Head to one sixtyblue on Thursdays for the Best Burger Bargain in Chicago
1400 W. Randolph Street, Chicago IL 60607 (map); (312) 850-0303; onesixtyblue.com
Cooking Method: Wood-burning grill
Short Order: This excellent specimen is probably the best burger value in Chicago
Want Fries With That? Sadly, no on the regular fries and not worth the money on the overly fatty duck fat fries
Price: $4 plain burger with fries; extra for toppings
The main dining room at one sixtyblue is, if not among the top tier of Chicago's dining destinations for contemporary American fare, certainly in the discussion. Executive Chef Michael McDonald came to one sixtyblue, famously owned by Michael Jordan, with two decades of experience including stints under chef Jean Joho at Everest and at a couple restaurants in the Charlie Trotter empire. But as good as the main dining room may be, it suffers from a fatal flaw as far as AHT is concerned: no burgers.
The recently renovated lounge in the front of the restaurant, however, is burgerlicious as the regular menu (PDF) features two burgers. One, the MJ Burger, comes with bacon, aged cheddar, caramelized shallots and barbecue sauce. The other is the one sixtyblue Bancon and Eggs Burger, which is a patty with house-cured bacon and a fried egg sitting atop some hash browns. Either of those burgers might be fine Friday through Wednesday, but on Thursdays, something special happens in the bar at one sixtyblue.
On Thursdays, one sixtyblue graciously offers what may well be the best burger deal in all of Chicago. For a mere $4, diners are treated to a patty made from Dietzler Farms beef on a pretzel bun and served with a side of fries. Cooked on a wood-burning grill, my allegedly 6-ounce patty (that seemed bigger) was cooked a shade past the requested rare. It came with an exquisite crust around some of the juiciest meat I've had in a while.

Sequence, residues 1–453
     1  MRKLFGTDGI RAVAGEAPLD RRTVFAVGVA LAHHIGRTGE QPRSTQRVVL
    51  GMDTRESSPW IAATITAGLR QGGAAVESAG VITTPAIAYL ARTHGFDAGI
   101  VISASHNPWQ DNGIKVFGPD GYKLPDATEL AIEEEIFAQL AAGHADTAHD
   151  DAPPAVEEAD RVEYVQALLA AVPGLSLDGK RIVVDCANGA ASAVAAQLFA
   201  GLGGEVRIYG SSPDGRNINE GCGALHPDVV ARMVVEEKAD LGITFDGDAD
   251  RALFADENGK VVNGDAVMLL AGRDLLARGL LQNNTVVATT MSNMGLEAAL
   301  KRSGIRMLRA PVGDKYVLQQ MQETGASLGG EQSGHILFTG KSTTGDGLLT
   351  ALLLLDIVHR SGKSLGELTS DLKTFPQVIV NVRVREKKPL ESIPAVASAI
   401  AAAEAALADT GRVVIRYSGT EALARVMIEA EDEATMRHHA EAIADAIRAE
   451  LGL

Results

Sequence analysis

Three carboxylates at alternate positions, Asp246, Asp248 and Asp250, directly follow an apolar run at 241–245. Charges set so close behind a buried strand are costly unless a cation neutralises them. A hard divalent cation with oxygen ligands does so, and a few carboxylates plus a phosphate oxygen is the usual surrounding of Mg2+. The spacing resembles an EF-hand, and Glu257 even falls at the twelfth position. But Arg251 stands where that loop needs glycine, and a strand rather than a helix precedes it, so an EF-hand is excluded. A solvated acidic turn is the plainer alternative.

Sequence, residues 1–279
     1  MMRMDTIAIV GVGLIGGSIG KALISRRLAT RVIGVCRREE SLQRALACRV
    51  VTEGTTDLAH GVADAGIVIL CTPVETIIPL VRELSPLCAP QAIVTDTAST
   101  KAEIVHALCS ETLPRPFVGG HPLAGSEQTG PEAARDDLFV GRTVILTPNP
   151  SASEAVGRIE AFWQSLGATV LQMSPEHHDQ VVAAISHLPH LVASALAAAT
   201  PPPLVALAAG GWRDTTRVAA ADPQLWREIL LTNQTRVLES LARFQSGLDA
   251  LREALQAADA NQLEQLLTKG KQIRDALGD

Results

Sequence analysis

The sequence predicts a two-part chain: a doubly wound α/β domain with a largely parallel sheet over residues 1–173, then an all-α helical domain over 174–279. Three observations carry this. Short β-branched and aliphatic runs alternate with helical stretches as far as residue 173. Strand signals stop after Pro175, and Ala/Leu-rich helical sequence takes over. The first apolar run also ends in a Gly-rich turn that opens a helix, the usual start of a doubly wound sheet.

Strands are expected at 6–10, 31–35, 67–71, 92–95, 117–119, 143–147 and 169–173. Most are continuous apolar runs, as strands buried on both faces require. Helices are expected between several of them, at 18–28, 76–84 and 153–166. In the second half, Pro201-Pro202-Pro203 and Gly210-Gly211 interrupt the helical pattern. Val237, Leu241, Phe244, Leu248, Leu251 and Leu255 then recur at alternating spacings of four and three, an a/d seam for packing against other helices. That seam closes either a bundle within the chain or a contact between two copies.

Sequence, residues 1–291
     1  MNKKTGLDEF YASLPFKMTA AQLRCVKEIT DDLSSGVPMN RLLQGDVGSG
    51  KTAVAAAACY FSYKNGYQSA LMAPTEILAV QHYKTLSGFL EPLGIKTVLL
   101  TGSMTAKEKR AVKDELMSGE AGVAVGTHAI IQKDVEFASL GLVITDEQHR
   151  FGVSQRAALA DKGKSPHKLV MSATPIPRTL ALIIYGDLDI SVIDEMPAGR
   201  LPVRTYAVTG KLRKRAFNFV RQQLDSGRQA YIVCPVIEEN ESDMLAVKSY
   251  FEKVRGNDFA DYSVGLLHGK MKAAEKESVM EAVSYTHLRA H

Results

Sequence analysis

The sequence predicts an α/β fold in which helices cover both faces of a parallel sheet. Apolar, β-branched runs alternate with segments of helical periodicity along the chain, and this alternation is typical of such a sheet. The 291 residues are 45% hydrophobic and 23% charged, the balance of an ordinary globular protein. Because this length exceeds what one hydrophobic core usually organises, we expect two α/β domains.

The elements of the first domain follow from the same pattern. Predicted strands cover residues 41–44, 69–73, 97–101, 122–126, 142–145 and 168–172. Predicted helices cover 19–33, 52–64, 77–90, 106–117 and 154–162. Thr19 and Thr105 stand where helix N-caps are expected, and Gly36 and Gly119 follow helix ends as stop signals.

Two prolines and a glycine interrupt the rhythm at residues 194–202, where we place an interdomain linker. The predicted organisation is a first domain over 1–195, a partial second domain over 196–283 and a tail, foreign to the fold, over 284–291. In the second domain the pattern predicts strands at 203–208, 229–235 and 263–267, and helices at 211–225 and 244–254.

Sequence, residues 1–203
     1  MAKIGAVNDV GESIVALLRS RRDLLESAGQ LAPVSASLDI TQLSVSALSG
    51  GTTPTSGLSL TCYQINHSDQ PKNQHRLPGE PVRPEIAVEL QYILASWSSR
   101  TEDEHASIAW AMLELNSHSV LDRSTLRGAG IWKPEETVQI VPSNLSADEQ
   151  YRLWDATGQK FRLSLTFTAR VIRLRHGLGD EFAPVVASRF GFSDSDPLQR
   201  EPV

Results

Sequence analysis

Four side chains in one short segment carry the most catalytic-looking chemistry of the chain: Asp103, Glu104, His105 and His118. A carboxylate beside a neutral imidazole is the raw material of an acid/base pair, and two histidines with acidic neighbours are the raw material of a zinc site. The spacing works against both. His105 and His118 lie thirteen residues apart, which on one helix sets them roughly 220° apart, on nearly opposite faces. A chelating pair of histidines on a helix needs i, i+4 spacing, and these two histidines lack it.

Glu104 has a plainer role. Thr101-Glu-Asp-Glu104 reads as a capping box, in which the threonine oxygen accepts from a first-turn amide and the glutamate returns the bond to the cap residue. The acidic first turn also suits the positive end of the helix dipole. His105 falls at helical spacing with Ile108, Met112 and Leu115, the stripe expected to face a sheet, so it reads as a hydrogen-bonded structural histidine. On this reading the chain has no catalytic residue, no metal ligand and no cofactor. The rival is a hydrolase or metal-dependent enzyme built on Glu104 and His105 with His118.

The $4 burger comes sans toppings. There are ample add-ons available ranging from a few different cheeses for $2 each to hunk of foie gras for $12. I opted for my old standby, grilled onions and bleu cheese. The sweet onions and mildly tangy cheese did not disappoint and I was left with one excellent if slightly undersalted burger. The bun, a pretzel roll, held up to the abundant juices and added a restrained dose of pretzel flavor. The burger did not blow me away, but it's definitely an excellent specimen.
Sadly, the fries that come with the burger were slightly underdone and not particularly flavorful. While I ordinarily frown on paying extra for fries, since the burger was only $7 including the toppings, I went ahead and splurged on the $8 order of duck fat fries. They were a step up from the regular fries, but while the large slivers of potato had an outer shell that could not have exhibited better crispness, the thick interior absorbed way too much duck fat. On the bright side, the duck fat fries came with three dipping sauces: truffle aioli, chipotle ketchup, and chipotle aioli. All three were good enough to salvage the regular fries and strong enough to balance the extra fat in the duck fries.
But what needed no salvaging whatsoever was the deep fried pickle that came with the burger. Admittedly, I've never had a fried pickle I didn't like, but the extremely crisp and somewhat thick well-seasoned batter balanced the crunchy dill pickle spear as well as any fried pickle I've ever tasted.